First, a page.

Borrowing to pay the doctors bills

Gov. Pat Quinn wants Illinois to borrow $2 billion in order to pay for the state’s Medicaid program, reports Yvette Shields at Bond Buyer. At issue are two facts: A.) Illinois has a colossal, monstrous, record short-term deficit even with a major tax increase and B.) the federal reimbursement rate for Medicaid costs drops from 57 percent to 50 percent July 1st, when the stimulus bill extension expires.

Enrollment in Medicaid jumped during the Great Recession, but until now the increased federal reimbursement covered this cost. Absent this borrowing, it’s not clear what the state can do besides cut other programs or reduce Medicaid services. They can’t really reduce eligibility levels: A reduction would deny Illinois heavy federal Medicaid subsidies that start in 2014 under the national health care reform law.

HHS nursing home report raises new fears

Long synonymous with the fear of reaching an advanced age and becoming unable to protect yourself, the words “nursing home” are once again striking fear into the hearts of older Americans and their relatives.   Christina Jewett of CaliforniaWatch exposes findings of a report by the federal Health and Human Services Inspector General that is almost certain to raise anxiety on a question that already makes people anxious. (more…)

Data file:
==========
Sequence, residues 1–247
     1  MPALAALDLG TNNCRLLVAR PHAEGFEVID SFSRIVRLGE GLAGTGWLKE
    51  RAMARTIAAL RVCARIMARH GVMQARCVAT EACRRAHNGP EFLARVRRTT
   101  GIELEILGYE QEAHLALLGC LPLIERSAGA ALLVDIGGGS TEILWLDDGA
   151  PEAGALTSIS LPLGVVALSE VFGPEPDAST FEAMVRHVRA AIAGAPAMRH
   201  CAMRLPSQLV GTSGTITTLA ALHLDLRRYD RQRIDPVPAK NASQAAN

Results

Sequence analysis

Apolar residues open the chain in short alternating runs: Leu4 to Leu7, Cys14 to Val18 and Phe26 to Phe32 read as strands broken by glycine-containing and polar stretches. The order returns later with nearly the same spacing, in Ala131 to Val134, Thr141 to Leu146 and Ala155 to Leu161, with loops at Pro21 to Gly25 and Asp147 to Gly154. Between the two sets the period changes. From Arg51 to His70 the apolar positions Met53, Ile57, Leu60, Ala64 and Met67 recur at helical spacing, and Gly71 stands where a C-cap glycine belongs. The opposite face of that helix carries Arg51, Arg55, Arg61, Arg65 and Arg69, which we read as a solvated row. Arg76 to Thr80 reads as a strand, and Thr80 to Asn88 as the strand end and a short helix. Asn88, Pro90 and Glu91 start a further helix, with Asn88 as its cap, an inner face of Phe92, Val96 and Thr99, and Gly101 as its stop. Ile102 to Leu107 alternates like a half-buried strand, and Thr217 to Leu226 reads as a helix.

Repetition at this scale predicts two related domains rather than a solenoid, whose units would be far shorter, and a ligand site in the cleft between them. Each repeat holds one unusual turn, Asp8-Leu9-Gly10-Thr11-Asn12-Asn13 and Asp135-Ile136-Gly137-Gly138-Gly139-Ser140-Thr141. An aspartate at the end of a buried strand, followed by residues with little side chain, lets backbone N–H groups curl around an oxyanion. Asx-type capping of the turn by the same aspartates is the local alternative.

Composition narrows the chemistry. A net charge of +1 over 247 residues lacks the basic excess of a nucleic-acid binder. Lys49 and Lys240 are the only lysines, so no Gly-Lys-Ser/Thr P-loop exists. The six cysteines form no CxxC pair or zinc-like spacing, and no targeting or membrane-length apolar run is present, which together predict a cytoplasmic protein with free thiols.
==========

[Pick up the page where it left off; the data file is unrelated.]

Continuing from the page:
Streamlining Medicaid costs

Micah Maidenberg of Progress Illinois reports on implementation of an Illinois law to curb Medicaid costs. Maidenberg finds instances of waste and inefficiencies in the system, like the federal and state government paying an insurance company $243 million between 2000-2004 to participate in Medicaid. The insurance company then didn’t provide health care to pregnant women or unhealthy patients.

But the big picture problem is that, thanks to the recession, both more poor people in Illinois are Medicaid eligible and fewer federal and state dollars are available to provide health services. This dilemma will likely end in 2014 when, under the national health care reform law, the federal government will pay for the health care of every adult who lives at less than 133 percent above the poverty level.